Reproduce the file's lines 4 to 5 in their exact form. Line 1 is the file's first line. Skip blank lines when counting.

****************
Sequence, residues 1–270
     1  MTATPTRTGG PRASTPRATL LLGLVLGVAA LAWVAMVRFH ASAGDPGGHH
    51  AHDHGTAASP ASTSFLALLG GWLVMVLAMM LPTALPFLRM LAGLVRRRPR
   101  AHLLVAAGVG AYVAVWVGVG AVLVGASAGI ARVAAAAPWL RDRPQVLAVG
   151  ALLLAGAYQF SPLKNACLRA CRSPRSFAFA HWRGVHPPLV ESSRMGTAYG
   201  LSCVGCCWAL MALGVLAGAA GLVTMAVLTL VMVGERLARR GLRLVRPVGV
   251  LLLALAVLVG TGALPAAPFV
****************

   101  AHLLVAAGVG AYVAVWVGVG AVLVGASAGI ARVAAAAPWL RDRPQVLAVG
   151  ALLLAGAYQF SPLKNACLRA CRSPRSFAFA HWRGVHPPLV ESSRMGTAYG